mantis Edmonds, Drawing Down the Moon: Magic in the Ancient Greco-Roman World (2019) 382
megistias Eidinow, Oracles, Curses, and Risk Among the Ancient Greeks (2007) 253
melampodids Eidinow, Oracles, Curses, and Risk Among the Ancient Greeks (2007) 253
metic Riess, Performing interpersonal violence: court, curse, and comedy in fourth-century BCE Athens (2012) 233
mountains Bernabe et al., Redefining Dionysos (2013) 318
mysteries, mystery cults Bernabe et al., Redefining Dionysos (2013) 318
nino Riess, Performing interpersonal violence: court, curse, and comedy in fourth-century BCE Athens (2012) 233
ninos Bernabe et al., Redefining Dionysos (2013) 318
oresteia Riess, Performing interpersonal violence: court, curse, and comedy in fourth-century BCE Athens (2012) 233
orestes Riess, Performing interpersonal violence: court, curse, and comedy in fourth-century BCE Athens (2012) 233
pentheus Bernabe et al., Redefining Dionysos (2013) 318
pharmakon, cf. poison Riess, Performing interpersonal violence: court, curse, and comedy in fourth-century BCE Athens (2012) 233
pharmakon Edmonds, Drawing Down the Moon: Magic in the Ancient Greco-Roman World (2019) 382
philochoros, on divination Eidinow, Oracles, Curses, and Risk Among the Ancient Greeks (2007) 253
philtron Edmonds, Drawing Down the Moon: Magic in the Ancient Greco-Roman World (2019) 382
plato, diotima (in symposion) Eidinow, Oracles, Curses, and Risk Among the Ancient Greeks (2007) 253
plato, family Humphreys, Kinship in Ancient Athens: An Anthropological Analysis (2018) 121
plato Edmonds, Drawing Down the Moon: Magic in the Ancient Greco-Roman World (2019) 382; Riess, Performing interpersonal violence: court, curse, and comedy in fourth-century BCE Athens (2012) 233
polykrates of samos Eidinow, Oracles, Curses, and Risk Among the Ancient Greeks (2007) 253
priestess(es) involvement with magic Parker, Polytheism and Society at Athens (2005) 134
priestess Bernabe et al., Redefining Dionysos (2013) 318; Riess, Performing interpersonal violence: court, curse, and comedy in fourth-century BCE Athens (2012) 233
priests, of mystery cults Martin, Divine Talk: Religious Argumentation in Demosthenes (2009) 66
religion, and law Gagarin and Cohen, The Cambridge Companion to Ancient Greek Law (2005) 65
religion elective Parker, Polytheism and Society at Athens (2005) 134
rhetorical conventions, assembly speeches Martin, Divine Talk: Religious Argumentation in Demosthenes (2009) 186
rite, ritual Bernabe et al., Redefining Dionysos (2013) 318
sabazius Riess, Performing interpersonal violence: court, curse, and comedy in fourth-century BCE Athens (2012) 233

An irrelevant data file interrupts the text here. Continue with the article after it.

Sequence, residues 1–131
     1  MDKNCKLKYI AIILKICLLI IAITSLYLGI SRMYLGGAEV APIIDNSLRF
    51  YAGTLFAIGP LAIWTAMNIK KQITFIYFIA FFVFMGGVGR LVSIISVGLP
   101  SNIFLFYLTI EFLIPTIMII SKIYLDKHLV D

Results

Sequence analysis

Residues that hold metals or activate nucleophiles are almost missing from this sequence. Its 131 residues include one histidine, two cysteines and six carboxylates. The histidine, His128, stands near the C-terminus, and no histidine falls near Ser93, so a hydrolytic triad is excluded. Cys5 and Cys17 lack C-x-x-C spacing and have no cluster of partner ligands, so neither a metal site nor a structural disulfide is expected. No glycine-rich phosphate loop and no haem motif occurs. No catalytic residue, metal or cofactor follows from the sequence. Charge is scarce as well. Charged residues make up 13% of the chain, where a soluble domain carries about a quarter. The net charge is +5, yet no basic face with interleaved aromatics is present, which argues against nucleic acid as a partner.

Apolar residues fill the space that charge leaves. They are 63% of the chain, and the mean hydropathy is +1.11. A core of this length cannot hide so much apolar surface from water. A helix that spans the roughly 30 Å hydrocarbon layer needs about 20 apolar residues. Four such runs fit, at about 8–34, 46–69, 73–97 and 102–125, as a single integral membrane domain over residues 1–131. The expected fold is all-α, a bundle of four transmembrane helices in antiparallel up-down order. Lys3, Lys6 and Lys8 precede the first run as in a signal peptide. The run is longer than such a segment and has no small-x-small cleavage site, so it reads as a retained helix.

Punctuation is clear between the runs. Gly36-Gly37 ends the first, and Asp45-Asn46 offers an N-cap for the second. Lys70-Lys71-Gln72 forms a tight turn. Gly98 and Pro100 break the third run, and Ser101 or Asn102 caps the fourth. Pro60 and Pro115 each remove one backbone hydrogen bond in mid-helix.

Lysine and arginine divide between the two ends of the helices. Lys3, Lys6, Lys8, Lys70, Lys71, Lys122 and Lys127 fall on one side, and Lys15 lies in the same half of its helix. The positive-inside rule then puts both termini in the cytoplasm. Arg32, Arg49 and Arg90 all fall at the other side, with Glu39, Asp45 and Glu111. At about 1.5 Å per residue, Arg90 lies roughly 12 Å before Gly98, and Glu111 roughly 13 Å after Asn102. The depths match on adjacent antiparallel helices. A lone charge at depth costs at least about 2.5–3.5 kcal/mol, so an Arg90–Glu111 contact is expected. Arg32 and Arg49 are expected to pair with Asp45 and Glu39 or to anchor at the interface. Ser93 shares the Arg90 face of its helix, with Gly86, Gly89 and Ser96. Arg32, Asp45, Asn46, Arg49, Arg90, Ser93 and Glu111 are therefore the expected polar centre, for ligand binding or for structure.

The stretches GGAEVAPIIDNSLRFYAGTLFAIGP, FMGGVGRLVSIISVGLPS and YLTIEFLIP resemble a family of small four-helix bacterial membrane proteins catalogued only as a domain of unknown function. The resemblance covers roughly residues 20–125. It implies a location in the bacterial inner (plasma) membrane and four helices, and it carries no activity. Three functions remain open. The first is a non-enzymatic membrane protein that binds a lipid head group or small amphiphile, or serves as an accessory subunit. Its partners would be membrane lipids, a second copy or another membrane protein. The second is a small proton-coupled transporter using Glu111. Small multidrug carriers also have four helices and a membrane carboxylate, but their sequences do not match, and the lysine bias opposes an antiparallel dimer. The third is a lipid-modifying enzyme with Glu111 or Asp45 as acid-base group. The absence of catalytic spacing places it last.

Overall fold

satyra of larissa Eidinow, Oracles, Curses, and Risk Among the Ancient Greeks (2007) 253
socrates Bernabe et al., Redefining Dionysos (2013) 318; Edmonds, Drawing Down the Moon: Magic in the Ancient Greco-Roman World (2019) 382; Riess, Performing interpersonal violence: court, curse, and comedy in fourth-century BCE Athens (2012) 233
sorcerer, cf. magician, magos, shaman, witch Riess, Performing interpersonal violence: court, curse, and comedy in fourth-century BCE Athens (2012) 233
soul Edmonds, Drawing Down the Moon: Magic in the Ancient Greco-Roman World (2019) 382
sthorys of thasos Eidinow, Oracles, Curses, and Risk Among the Ancient Greeks (2007) 253
style Martin, Divine Talk: Religious Argumentation in Demosthenes (2009) 184, 186
supporting speakers Martin, Divine Talk: Religious Argumentation in Demosthenes (2009) 186
sybil, the Eidinow, Oracles, Curses, and Risk Among the Ancient Greeks (2007) 253
symmachos Eidinow, Oracles, Curses, and Risk Among the Ancient Greeks (2007) 253
telenikos Eidinow, Oracles, Curses, and Risk Among the Ancient Greeks (2007) 253
temple robbery Gagarin and Cohen, The Cambridge Companion to Ancient Greek Law (2005) 65
teos Riess, Performing interpersonal violence: court, curse, and comedy in fourth-century BCE Athens (2012) 233
thebes, theban Bernabe et al., Redefining Dionysos (2013) 318
theophemos Eidinow, Oracles, Curses, and Risk Among the Ancient Greeks (2007) 293
theophrastos, on the superstitious man Eidinow, Oracles, Curses, and Risk Among the Ancient Greeks (2007) 293
theoris Bernabe et al., Redefining Dionysos (2013) 318
theoris of lemnos Edmonds, Drawing Down the Moon: Magic in the Ancient Greco-Roman World (2019) 382; Riess, Performing interpersonal violence: court, curse, and comedy in fourth-century BCE Athens (2012) 233
vengeance, cf. punishment, revenge, timoria Riess, Performing interpersonal violence: court, curse, and comedy in fourth-century BCE Athens (2012) 233
whore, cf. concubine witch, cf. magician, magos, shaman, sorcerer Riess, Performing interpersonal violence: court, curse, and comedy in fourth-century BCE Athens (2012) 233
widow/widower, guardian Humphreys, Kinship in Ancient Athens: An Anthropological Analysis (2018) 121
widow/widower, remarriage Humphreys, Kinship in Ancient Athens: An Anthropological Analysis (2018) 121
witchcraft, accusations of Eidinow, Oracles, Curses, and Risk Among the Ancient Greeks (2007) 293
woman Bernabe et al., Redefining Dionysos (2013) 318
worship' Bernabe et al., Redefining Dionysos (2013) 318
xenophon, on seers Eidinow, Oracles, Curses, and Risk Among the Ancient Greeks (2007) 253